God Did Not Make Man and Then Leave Him to His Own Uncontrolled Guidance

Scriptures make mention of the decrees of God in many passages, and under a variety of terms. The word “decree” is found in Psalm 2:7. In Ephesians 3:11 we read of His “eternal purpose.” In Acts 2:23 of His “determinate counsel and foreknowledge.” In Ephesians 1:9 of the mystery of His “will.” In Romans 8:29 that He also did “predestinate.” In Ephesians 1:9 of His “good pleasure.” God’s decrees are called His “counsel” to signify they are consummately wise. They are called God’s “will” to show He was under no control, but acted according to His own pleasure. When a man’s will is the rule of his conduct, it is usually capricious and unreasonable; but wisdom is always associated with “will” in the divine proceedings, and accordingly, God’s decrees are said to be “the counsel of His own will” (Eph 1:11).

The decrees of God relate to all future things without exception: whatever is done in time was foreordained before time began. God’s purpose was concerned with everything, whether great or small, whether good or evil, although with reference to the latter we must be careful to state that while God is the Orderer and Controller of sin, He is not the Author of it in the same way that He is the Author of good. Sin could not proceed from a holy God by positive and direct creation, but only by decretive permission and negative action. God’s decree is as comprehensive as His government, extending to all creatures and all events. It was concerned about our life and death; about our state in time, and our state in eternity. As God works all things after the counsel of His own will, we learn from His works what His counsel is (was), as we judge of an architect’s plan by inspecting the building which was erected under his directions.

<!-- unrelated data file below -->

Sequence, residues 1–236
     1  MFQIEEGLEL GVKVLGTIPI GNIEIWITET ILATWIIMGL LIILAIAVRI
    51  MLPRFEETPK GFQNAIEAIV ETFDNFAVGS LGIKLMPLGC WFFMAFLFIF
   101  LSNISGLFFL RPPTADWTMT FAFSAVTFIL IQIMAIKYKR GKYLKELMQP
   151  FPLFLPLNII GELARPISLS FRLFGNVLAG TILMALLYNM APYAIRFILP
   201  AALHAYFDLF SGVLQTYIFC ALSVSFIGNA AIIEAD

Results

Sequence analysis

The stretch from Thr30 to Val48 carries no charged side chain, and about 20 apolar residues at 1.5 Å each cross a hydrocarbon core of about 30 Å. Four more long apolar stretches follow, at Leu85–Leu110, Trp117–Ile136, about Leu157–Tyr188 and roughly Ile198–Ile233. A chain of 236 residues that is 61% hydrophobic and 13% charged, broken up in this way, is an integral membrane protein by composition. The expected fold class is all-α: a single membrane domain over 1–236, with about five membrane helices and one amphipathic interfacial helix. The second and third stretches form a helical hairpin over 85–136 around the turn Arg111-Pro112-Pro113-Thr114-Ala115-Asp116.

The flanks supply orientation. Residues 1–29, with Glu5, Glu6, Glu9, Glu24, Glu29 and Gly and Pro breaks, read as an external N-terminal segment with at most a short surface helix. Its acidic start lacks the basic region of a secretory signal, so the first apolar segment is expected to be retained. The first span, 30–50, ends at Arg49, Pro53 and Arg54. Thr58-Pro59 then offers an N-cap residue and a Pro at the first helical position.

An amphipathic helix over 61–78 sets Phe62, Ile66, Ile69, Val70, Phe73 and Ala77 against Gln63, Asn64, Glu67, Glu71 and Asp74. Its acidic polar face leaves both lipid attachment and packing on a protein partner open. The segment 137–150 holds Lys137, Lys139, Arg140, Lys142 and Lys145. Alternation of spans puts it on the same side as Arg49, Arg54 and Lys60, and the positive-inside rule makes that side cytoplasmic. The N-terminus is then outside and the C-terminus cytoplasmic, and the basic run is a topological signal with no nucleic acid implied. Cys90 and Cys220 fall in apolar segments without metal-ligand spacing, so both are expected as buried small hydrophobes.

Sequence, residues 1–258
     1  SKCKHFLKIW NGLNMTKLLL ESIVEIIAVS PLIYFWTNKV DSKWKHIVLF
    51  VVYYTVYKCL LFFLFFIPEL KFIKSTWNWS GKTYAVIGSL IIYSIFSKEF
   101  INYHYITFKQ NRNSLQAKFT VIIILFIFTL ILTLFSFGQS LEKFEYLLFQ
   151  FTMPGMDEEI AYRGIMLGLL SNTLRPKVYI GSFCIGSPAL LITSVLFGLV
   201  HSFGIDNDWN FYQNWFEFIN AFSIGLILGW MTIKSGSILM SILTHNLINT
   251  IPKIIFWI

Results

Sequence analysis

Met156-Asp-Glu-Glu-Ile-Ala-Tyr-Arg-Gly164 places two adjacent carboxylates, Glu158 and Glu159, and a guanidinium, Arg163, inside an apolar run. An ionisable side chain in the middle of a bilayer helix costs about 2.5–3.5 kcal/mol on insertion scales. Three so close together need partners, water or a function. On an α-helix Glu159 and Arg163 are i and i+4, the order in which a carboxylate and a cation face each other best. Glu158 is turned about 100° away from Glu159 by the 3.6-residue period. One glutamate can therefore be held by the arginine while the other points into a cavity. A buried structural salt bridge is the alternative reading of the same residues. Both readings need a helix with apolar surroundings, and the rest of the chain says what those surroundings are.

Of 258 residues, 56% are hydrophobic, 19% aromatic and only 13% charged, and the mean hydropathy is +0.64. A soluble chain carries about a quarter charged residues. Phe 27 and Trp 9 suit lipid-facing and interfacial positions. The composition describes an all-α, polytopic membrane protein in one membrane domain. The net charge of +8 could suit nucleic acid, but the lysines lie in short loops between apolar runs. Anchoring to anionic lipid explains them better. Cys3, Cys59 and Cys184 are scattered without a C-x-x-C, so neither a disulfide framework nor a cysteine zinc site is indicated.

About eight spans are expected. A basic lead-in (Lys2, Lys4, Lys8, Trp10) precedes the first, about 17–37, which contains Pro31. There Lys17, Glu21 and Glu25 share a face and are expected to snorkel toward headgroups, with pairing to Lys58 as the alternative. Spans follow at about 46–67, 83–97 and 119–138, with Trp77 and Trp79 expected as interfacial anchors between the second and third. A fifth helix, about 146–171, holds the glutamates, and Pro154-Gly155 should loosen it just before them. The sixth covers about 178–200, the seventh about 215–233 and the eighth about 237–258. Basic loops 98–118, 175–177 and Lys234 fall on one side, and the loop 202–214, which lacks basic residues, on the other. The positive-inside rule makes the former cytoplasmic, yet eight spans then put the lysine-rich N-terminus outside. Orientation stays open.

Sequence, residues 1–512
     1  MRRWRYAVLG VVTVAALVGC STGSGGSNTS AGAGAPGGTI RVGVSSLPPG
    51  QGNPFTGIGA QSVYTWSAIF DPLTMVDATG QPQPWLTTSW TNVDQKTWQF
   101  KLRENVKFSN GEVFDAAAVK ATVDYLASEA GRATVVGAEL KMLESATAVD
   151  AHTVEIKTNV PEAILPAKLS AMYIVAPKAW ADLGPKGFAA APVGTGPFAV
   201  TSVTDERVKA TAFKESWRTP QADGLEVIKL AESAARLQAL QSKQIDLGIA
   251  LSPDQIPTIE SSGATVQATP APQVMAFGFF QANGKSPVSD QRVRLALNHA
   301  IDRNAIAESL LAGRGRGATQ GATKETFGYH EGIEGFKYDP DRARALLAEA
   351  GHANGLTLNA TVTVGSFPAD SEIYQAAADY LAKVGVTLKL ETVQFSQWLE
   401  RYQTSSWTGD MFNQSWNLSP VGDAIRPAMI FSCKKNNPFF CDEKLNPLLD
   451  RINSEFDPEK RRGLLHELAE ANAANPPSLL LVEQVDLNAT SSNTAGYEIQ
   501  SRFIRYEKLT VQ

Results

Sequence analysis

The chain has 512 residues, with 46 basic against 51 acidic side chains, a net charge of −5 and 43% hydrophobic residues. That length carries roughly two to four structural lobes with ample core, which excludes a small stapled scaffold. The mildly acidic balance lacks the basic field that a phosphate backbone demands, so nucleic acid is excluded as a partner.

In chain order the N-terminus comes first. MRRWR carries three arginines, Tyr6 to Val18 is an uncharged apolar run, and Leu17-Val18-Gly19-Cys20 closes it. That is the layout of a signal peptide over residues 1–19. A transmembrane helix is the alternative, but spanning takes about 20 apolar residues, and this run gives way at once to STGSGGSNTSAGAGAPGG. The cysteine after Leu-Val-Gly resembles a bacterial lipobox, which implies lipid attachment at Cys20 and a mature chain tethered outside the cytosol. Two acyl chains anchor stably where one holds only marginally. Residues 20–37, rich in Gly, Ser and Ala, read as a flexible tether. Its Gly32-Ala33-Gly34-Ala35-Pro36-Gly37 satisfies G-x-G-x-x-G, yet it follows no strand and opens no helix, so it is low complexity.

God did not merely decree to make man, place him upon the earth, and then leave him to his own uncontrolled guidance; instead, He fixed all the circumstances in the lot of individuals, and all the particulars which will comprise the history of the human race from its commencement to its close. He did not merely decree that general laws should be established for the government of the world, but He settled the application of those laws to all particular cases. Our days are numbered, and so are the hairs of our heads. We may learn what is the extent of the divine decrees from the dispensations of providence, in which they are executed. The care of Providence reaches to the most insignificant creatures, and the most minute events—the death of a sparrow, and the fall of a hair.

Adapted from Arthur W. Pink, The Attributes of God (Kindle Edition)

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